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AIDS in the Military: Soldiers Tell of Army Base 'Leper Colony'

March 12, 1989|LAURIE GARRETT | Newsday

FT. HOOD, Tex. — As friends looked on, afraid to say anything, Pvt. John O. Brisbois packed his bags last October and left his barracks with no intention of ever going back. Brisbois said he fled the Army, and the only career he had ever wanted, after a demotion and three months of harassment. The trouble came after a blood test showed that he carries the virus that causes AIDS.

"The Army did everything possible to make me want to leave," said Brisbois, who, after three months absent without leave, surrendered and tried to kill himself. He was discharged last month. "I feel I don't have a future anymore. I don't want to die, but I get so depressed."

Brisbois, 24, fled a special barracks wing, known on the base as the "HIV hotel" and "the leper colony," to which he and scores of other soldiers had been transferred.

The barracks wing is the armed forces' first consolidated housing for HIV-infected troops. It represents an escalation of the military's battle against acquired immune deficiency syndrome, one that is being waged with weapons such as blood testing, mandatory pledges to avoid risky sex practices and courts-martial of homosexuals--weapons generally not allowed under civilian law.

"I think, gradually, we are seeing a pattern of more restrictions on what people (infected with AIDS virus) can do," said Kathy Gilbert, head of the Military Law Task Force of the National Lawyers Guild in San Diego.

Military Defends Rules

The military defends these rules as necessary to control the AIDS epidemic. "The reason we have done what we have done," said Maj. Robert Redfield, of Rockville, Md., chief scientist for the Army's AIDS research effort, "is that we think it's good medicine--and it's medicine that might work in the civilian sector, as well."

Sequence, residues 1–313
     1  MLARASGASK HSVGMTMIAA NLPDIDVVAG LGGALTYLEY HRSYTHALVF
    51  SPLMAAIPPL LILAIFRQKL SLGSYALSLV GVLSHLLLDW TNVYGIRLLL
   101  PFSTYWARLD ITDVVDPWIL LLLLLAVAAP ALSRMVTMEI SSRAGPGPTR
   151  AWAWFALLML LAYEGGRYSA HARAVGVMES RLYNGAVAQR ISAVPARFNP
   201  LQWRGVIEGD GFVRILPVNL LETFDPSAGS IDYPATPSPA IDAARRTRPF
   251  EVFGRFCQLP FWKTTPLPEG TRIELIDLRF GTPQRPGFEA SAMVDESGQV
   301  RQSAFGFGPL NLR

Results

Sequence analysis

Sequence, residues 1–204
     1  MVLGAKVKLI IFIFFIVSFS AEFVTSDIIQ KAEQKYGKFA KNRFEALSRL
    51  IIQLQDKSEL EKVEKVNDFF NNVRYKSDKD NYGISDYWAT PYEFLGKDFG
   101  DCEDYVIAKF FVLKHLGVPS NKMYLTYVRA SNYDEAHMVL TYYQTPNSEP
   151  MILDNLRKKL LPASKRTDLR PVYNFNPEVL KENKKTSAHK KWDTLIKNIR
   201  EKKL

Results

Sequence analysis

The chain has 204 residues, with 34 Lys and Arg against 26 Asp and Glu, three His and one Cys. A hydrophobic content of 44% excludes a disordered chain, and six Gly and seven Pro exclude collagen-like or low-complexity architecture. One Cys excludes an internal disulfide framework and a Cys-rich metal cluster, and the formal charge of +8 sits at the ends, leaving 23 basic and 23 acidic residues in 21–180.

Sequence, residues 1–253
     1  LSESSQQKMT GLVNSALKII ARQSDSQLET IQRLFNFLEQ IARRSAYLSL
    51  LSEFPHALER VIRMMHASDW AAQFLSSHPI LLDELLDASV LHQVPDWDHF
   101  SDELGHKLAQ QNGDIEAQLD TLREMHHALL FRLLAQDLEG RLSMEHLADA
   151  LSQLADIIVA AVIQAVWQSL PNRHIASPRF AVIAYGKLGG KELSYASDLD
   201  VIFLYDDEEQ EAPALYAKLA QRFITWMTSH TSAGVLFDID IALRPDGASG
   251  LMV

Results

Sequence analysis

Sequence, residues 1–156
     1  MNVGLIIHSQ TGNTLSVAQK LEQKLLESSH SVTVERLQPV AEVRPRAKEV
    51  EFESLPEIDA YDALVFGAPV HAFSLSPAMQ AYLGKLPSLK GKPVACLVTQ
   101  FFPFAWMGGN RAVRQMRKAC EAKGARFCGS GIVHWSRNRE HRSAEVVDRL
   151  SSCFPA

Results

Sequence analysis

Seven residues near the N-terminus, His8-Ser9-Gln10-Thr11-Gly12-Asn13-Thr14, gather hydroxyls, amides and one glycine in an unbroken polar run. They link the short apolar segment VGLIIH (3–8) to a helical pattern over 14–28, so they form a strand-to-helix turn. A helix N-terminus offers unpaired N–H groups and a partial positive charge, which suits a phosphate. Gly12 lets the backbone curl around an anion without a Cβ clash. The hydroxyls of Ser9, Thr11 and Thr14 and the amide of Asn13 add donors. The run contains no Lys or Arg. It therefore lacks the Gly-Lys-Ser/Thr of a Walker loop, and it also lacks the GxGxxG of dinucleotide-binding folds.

At Redfield's urging, the Department of Defense began the world's largest mandatory program of HIV screening in October, 1985. Since then, every recruit has been screened, and those whose tests are positive are barred from the Army, Navy, Air Force and Marines. About 5 million soldiers and recruits have been tested, and 6,000 of those on active duty have shown up positive.

Those already in the military are allowed to remain until they become too sick to work. They are allowed to continue in their chosen military career fields if they are able, said Susan Hansen of the Department of Defense's Public Affairs Office in Washington.

Official policy is that individuals "shall not be separated on the basis of their HIV status," Hansen said. She added that the Pentagon strongly discourages any discrimination.

"The bottom line, in terms of Army policy, is readiness," said Lt. Col. Greg Rickson of the Office of the Secretary of the Army at the Pentagon. "Is Army readiness affected by having an HIV soldier in the ranks? The commander has to weigh that carefully."

At Ft. Hood, home of III Corps and the biggest tank and artillery post in the world, then-commanding officer Lt. Gen. Crosbie Saint exercised his prerogative and ordered HIV-positive soldiers to be removed from their units. Saint, who now commands all U.S. troops in Europe, argued that readiness for deployment to Europe in case of war was more important than prohibitions against such segregation, Army officials at Ft. Hood said.

On April 15, 1988, about 50 HIV-positive soldiers were transferred to the fort's administrative center, which houses a non-combat unit. Most of the transferred men were lodged on the third floor of Building 21006.

No Confidentiality

"I remember that day clearly. How could I forget it?" said one recently discharged soldier who spoke on condition of anonymity. "Everybody knew that we were the HIVs, you know. There was no confidentiality, none at all. It was like somebody put signs around our necks saying 'here come the AIDS patients.' "

After the transfers, many of the men, like Brisbois, were demoted to lesser jobs. According to Maj. James Small, head of the infectious-diseases department at Ft. Hood, about 50 of 70 men who tested positive have been moved to Building 21006. Some who are married have been allowed to continue living off base.

From the outside, the building looks like any of the other barracks that dot the 340-square-mile base, where 38,000 soldiers live. Inside, security is unusually visible, however. Sentries hastily summon superiors to deflect a reporter's questions about the special wing on the third floor. Most soldiers refused to acknowledge questions about the wing. Some would talk, but only off the base, and they asked that their names be withheld.

"Everybody might be scared to say anything," a recently discharged soldier said. "You go through the Article 15 (disciplinary actions) list and see how many are HIVs. They are giving out seven or eight Article 15s a day over there. There's no morale over there. Every night when I was there, someone was put on extra duty. We never could go out at night."

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